RICHMOND – The State Board for Community Colleges approved an increase to the tuition rate at Virginia’s Community Colleges that will take effect beginning in the spring 2010 semester for both in-state and out-of-state students. The increase of $7.30 per credit hour will increase the cost of a typical community college class by less than $22.
The board approved the tuition increase to allow the colleges, which have absorbed four state funding cuts since 2008 totaling $105 million, the necessary resources to serve the record-breaking number of students who are enrolled. Between the fall of 2006 and the fall of 2008, Virginia’s Community Colleges accounted for 71 percent of Virginia’s in-state undergraduate enrollment growth.
“If you look at the growth Virginia’s Community Colleges have experienced over just the last two years – just the growth – it is bigger than the undergraduate enrollment at VCU. Or to put it another way, it would be equal to adding together the total enrollments of Christopher Newport University, Longwood University, the University of Mary Washington, the Virginia Military Institute and Virginia State University,” said Gary Hancock, chairman of the State Board. “No responsible organization can serve that many people while undergoing round after round of budget cuts.”
“This is a tough decision we have to make. But it is the right decision,” said Jeff Mitchell, chairman of the State Board’s Budget and Finance Committee. “The more graduates our community colleges produce, the better positioned Virginia is for a myriad of opportunities. This is a small step in assuring that our community colleges can continue to do the job Virginia is asking them to do.”
The amount of money that the tuition increase is expected to generate will cover less than half of the state funding cuts imposed on Virginia’s Community Colleges in the current budget year. The new tuition rate leaves tuition and mandatory fees at Virginia’s Community Colleges at 38 percent of the average comparable costs to attend a Virginia public university.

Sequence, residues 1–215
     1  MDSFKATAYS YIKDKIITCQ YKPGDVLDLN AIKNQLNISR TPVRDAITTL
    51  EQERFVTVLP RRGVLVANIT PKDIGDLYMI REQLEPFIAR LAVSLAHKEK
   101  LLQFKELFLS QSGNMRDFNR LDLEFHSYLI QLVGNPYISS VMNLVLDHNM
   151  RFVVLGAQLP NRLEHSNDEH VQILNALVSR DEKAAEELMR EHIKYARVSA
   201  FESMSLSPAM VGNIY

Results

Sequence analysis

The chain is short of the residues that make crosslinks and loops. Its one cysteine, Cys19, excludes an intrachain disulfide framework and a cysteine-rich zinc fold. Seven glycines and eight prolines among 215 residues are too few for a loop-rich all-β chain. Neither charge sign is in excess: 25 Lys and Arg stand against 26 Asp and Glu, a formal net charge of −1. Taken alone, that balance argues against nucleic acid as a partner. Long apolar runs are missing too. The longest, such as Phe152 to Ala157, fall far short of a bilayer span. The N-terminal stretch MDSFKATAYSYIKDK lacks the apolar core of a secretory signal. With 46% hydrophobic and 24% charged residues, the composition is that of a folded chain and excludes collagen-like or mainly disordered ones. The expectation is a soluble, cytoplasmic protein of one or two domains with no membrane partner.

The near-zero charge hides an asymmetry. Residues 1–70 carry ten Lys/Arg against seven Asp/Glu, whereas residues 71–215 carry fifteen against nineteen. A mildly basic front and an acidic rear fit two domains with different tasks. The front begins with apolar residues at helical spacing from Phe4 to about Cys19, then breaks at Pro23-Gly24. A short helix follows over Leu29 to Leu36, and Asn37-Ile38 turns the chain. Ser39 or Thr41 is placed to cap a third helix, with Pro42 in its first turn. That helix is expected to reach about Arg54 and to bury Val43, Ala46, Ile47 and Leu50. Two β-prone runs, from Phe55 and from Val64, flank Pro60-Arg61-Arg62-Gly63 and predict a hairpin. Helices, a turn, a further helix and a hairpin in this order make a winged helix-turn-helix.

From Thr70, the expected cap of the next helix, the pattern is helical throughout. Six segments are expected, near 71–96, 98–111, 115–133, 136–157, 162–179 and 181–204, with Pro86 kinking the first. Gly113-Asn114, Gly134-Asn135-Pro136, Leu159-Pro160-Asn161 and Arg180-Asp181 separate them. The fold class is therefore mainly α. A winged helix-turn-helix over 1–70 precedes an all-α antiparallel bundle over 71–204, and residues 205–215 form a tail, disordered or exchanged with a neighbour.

Further, federal stimulus dollars, which have been used to soften the blow of state funding cuts, are set to expire in 2012, creating an additional funding gap of $60 million.
The pressure Virginia’s Community Colleges are facing in serving dramatically increasing enrollment with diminishing state funding is leading to an examination of the way the colleges operate. VCCS Chancellor Glenn DuBois announced earlier this week the creation of a reengineering taskforce that is charged with finding smarter, more efficient ways of operating Virginia’s Community Colleges.
“We want more Virginians to go to college and to graduate, and we have to find smarter, better ways to serve them,” said DuBois. “Moving forward, we have to look at more than simply seeking new revenue and cutting more programs. This taskforce will examine every part of our business model and ensure we are optimized and getting everything we can out of every dollar that we spend.”
In managing the state budget cuts, Virginia’s Community Colleges have taken actions that include reducing its labor force by 313 positions through layoffs and attrition, delaying essential facility maintenance, scaling back services like janitorial cleaning contracts and cutting back library resource purchases and operating hours. Adjunct instructors, who now account for three out of every five VCCS instructors, have been increasingly used to teach needed courses.